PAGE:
New rule requires schools to test water for lead
LAKE COUNTY – A new state regulation intended to protect school children from drinking contaminated water will require schools to regularly test water students might consume.
According to the Centers for Disease Control, lead poisoning — the buildup of lead in the body -- can cause learning disabilities and behavioral problems; and at extreme levels, lead can cause comas or death. Children ages three to six are particularly susceptible to lead poisoning because they are growing quickly.
Lead can become present in drinking water when pipes, faucets or plumbing fixtures leach lead into the water.
Ronan School District Superintendent Mark Johnston said he thought the regulation was a good idea. “My number one feeling is that we want to make sure that our water is safe for our kids,” Johnston said.
Under the new regulation, schools will be required to test all drinking fountains and sinks used for food preparation once every three years with the first round of tests required before the end of 2021. If lead is found in small concentrations, the schools can flush out the fixtures until they show a safe reading. If the test reveals more than 15 parts per billion of lead in the water, the district must shut off the fixture immediately, and the school must replace the fixture with a fixture that produces water that is not contaminated with unsafe amounts of lead.
Johnston said his district is served by city water, and he felt confident that the tests the city runs to keep lead out of its water supply would have caught any elevated rates of the contaminant in school water.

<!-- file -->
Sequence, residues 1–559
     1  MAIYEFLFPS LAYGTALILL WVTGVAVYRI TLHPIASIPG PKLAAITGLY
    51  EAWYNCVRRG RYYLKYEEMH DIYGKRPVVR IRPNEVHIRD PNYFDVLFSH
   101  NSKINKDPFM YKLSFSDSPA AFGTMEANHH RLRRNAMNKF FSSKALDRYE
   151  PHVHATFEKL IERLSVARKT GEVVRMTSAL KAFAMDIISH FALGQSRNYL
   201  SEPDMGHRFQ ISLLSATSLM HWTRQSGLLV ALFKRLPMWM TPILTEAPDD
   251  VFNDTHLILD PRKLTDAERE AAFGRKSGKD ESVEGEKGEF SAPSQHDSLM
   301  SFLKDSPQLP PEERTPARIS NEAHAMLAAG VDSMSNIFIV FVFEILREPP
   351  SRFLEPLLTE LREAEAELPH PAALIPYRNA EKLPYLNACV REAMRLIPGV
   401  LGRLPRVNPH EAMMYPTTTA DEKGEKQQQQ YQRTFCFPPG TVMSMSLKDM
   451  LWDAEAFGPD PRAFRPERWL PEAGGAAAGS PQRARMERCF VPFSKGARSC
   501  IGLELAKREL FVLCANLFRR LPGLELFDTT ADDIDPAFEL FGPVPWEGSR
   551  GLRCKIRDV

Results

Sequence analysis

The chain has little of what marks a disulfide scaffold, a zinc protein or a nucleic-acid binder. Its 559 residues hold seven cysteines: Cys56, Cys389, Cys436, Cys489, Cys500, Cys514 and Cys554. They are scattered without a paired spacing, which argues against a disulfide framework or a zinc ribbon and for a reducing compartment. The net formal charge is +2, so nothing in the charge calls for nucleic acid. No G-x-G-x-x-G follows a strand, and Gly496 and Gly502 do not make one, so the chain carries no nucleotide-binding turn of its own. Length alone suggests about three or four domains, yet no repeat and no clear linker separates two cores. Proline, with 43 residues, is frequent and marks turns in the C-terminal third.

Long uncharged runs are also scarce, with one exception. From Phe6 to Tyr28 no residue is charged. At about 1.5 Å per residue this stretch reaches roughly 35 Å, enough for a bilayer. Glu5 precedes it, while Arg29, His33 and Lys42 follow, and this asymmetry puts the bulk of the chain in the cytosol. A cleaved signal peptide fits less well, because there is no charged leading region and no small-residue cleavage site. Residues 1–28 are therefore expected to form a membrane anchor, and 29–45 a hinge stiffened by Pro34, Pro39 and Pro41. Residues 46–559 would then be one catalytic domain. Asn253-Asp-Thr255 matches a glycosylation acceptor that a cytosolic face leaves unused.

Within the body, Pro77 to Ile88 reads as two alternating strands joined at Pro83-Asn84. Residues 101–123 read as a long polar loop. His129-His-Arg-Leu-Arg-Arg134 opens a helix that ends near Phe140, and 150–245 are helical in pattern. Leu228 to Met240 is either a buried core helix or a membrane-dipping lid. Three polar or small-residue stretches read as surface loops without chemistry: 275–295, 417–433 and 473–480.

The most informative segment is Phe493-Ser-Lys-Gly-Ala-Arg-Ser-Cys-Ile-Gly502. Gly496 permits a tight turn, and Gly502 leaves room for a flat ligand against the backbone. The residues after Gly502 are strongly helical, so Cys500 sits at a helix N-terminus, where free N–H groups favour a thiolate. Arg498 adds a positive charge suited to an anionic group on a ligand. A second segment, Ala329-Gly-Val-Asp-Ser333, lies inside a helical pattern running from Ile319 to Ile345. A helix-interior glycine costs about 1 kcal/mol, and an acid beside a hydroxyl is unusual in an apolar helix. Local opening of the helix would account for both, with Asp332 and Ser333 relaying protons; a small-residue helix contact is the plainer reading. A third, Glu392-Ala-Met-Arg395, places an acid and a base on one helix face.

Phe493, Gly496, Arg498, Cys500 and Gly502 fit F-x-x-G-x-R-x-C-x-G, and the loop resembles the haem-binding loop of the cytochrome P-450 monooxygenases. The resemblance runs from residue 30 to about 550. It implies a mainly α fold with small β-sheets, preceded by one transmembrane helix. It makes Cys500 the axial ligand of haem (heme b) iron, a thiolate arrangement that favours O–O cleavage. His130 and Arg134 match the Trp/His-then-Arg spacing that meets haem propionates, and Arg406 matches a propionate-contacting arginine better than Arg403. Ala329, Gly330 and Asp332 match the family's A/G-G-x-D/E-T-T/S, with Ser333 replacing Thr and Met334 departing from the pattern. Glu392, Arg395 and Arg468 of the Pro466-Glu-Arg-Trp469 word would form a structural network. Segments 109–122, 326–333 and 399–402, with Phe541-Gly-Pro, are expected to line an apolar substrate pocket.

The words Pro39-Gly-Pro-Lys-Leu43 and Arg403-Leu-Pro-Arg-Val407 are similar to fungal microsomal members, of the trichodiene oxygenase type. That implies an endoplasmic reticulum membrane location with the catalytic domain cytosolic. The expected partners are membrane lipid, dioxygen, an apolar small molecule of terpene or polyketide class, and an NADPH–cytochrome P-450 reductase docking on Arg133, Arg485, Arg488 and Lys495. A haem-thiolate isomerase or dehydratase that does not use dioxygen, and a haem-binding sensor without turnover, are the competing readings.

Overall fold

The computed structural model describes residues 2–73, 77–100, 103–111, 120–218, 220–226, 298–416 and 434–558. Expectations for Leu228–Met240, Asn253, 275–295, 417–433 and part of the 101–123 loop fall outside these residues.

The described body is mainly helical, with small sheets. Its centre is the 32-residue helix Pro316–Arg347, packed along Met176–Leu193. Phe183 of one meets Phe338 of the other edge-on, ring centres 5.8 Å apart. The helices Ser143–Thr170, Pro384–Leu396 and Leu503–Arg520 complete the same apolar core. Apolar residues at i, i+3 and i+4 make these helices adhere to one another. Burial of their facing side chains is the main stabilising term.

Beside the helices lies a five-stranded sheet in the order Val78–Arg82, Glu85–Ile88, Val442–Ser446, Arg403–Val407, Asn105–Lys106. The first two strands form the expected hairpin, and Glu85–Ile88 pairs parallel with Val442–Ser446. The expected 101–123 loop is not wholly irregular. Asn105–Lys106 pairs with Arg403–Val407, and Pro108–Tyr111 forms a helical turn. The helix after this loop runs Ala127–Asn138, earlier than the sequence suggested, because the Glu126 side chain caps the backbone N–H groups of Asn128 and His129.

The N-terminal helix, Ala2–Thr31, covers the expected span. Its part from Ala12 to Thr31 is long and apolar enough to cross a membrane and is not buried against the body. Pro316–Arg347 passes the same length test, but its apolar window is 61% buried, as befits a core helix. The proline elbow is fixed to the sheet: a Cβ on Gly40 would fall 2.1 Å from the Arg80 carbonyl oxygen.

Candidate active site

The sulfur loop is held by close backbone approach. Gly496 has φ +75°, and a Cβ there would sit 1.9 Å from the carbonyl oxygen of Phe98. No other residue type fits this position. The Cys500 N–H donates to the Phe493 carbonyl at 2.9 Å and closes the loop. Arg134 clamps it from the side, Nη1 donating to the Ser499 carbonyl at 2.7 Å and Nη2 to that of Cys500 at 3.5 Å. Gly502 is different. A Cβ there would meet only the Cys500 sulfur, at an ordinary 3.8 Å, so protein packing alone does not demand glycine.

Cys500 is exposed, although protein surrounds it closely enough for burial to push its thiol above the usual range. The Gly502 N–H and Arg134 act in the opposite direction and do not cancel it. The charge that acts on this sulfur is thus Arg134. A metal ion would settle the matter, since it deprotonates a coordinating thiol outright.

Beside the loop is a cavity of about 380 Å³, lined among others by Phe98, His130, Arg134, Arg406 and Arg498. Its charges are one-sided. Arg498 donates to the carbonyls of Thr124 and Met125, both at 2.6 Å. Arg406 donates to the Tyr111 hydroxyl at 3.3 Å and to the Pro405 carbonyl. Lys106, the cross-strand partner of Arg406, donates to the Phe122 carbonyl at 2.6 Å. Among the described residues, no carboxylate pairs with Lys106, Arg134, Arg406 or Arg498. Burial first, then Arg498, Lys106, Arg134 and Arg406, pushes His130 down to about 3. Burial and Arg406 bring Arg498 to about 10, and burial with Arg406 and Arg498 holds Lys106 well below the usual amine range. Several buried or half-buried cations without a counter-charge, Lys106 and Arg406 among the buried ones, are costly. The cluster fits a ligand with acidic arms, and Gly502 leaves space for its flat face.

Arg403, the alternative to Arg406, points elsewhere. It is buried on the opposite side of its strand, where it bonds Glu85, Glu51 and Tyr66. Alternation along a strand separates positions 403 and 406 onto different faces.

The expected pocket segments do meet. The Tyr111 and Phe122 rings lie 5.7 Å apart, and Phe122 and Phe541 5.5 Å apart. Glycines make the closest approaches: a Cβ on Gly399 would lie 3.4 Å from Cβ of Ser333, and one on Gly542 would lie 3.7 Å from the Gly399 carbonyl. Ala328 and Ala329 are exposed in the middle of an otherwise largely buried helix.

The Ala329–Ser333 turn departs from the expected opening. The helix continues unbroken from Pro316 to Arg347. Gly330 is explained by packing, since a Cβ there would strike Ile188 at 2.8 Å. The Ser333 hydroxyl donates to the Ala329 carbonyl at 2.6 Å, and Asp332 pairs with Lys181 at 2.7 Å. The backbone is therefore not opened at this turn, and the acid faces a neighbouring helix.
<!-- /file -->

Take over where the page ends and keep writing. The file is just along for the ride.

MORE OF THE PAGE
The Montana Department of Public Health and Human Services implemented the rule in January. The rule was initially proposed in 2018 but was delayed when the Montana Office of Public Instruction and the state teachers’ union opposed it for financial reasons. They requested an extended comment period so the state could gather more information. The State of Montana will provide assistance with the cost of analysis through a grant from the US Environmental Protection Agency. Johnston said he thought the benefits of ensuring safe drinking water would outweigh any financial costs to the district.
An April 2018 report from Environment Montana Research and Policy Center showed that on average 75 percent of voluntary tests in four urban school districts around the state found lead concentrations of more than one part per billion in school water. The report raised alarm that children in schools might be consuming water containing an unhealthy concentration of the contaminant. The American Academy of Pediatrics recommends a health standard of no more than one part per billion of lead in school water.
According to Johnston, the rule is just another way the state can help promote successful futures for students. “Studies show that if levels of lead are too high it can substantially affect children’s ability to learn,” Johnston said. “The biggest reason [for supporting the rule] is that we want to make sure children can reach their full potential.”